Motherhood is altering. It changes the body, pushes against it – the hips widening, the breasts turning into full moons. It lays siege to the mind, so thoughts shift in quality – no longer lone strands, proud in their isolation; rather, each impression is now a messy braid, burps and reflux crisscrossing, interrupting.

Most of all, it changes one’s association with language. Between the moment my son pushed against the womb walls, ready to tear into the world, and the moment I held him, wet and wrinkled, words – those living beings I had had the most profound association with – folded into themselves. It was as though they were graciously making way for another. It was also as though they recognised their own limitations, that they were inadequate to the task they would likely be asked to perform – of freezing the time of birth in sentences.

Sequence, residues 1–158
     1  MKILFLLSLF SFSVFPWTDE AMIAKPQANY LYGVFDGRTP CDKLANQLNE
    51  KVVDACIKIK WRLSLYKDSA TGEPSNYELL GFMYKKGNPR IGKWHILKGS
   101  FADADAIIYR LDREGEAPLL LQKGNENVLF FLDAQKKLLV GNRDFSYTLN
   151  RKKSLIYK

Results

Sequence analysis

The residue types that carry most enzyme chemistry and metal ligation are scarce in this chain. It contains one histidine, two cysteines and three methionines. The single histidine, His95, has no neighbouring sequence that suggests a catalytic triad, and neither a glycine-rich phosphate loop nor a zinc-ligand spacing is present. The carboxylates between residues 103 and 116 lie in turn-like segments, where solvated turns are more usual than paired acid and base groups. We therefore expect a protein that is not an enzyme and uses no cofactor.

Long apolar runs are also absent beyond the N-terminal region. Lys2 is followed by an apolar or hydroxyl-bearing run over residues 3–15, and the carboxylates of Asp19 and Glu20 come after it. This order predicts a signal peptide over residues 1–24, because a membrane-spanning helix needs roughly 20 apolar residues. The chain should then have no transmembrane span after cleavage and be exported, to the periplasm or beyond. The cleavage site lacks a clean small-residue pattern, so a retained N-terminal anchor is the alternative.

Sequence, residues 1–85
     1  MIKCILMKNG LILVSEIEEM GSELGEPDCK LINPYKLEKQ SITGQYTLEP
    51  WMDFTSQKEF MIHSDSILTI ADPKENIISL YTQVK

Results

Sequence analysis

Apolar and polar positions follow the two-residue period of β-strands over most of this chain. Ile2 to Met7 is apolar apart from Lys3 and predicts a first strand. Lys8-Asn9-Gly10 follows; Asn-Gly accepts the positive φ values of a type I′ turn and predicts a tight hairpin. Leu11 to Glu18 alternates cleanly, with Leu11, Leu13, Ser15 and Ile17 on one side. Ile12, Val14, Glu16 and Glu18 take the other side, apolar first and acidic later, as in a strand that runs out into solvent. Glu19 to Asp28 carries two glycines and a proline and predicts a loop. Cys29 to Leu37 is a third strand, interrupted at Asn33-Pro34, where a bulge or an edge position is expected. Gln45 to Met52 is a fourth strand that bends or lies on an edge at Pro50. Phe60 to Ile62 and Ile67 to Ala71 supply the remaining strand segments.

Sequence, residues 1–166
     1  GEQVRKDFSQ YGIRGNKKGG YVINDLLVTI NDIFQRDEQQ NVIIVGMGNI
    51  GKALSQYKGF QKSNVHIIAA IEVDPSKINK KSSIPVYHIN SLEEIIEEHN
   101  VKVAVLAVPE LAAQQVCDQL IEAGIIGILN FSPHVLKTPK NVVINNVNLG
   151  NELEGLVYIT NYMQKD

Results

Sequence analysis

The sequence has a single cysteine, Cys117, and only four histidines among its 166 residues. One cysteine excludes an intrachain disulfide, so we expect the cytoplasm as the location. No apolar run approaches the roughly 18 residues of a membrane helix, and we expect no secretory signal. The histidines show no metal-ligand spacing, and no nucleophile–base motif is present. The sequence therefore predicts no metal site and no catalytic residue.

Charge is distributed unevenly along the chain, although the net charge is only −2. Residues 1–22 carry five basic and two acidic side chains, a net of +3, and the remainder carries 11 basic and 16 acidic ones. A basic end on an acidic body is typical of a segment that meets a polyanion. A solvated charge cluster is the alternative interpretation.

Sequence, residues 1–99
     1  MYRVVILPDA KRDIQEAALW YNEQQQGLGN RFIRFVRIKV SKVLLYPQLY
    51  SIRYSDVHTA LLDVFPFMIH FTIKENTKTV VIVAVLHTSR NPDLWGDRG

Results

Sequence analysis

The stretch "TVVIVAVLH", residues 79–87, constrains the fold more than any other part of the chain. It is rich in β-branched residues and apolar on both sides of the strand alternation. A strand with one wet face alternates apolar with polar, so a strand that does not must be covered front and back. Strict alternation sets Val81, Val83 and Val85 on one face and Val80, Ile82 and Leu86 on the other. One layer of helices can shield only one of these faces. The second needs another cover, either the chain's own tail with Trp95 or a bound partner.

In the weeks to come, words, loyal things, slunk back, but it took me a while to locate them. They had started thrumming at a different frequency, low, like saturniid moths, so to know them I had to shut out the comments of friends and strangers, the honk of a passing lorry, the rumble of aircrafts in the sky. To know them, I had to find midnight silence, hold my sleeping baby in one arm, and clutch syllables, so quiet, with my free hand.

It took work. It took patience. And it was when I reacquainted myself with words (towards the end of the fourth trimester) that I could reclaim a reading habit.